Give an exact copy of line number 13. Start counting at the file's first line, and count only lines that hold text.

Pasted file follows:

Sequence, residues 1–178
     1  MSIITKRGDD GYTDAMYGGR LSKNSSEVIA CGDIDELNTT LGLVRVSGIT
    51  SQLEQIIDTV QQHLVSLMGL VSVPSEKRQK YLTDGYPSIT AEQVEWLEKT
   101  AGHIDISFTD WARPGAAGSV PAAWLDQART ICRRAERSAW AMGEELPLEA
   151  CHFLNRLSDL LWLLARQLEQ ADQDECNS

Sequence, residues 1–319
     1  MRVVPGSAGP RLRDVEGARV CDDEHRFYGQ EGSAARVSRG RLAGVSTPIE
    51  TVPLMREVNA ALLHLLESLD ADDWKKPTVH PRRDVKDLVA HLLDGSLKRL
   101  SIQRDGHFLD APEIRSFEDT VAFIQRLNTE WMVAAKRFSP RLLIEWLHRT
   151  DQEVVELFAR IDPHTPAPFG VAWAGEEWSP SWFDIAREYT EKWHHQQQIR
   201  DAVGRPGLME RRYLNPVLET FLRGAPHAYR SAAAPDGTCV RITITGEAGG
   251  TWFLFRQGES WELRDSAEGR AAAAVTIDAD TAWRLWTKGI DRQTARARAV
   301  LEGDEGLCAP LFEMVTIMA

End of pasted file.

   301  LEGDEGLCAP LFEMVTIMA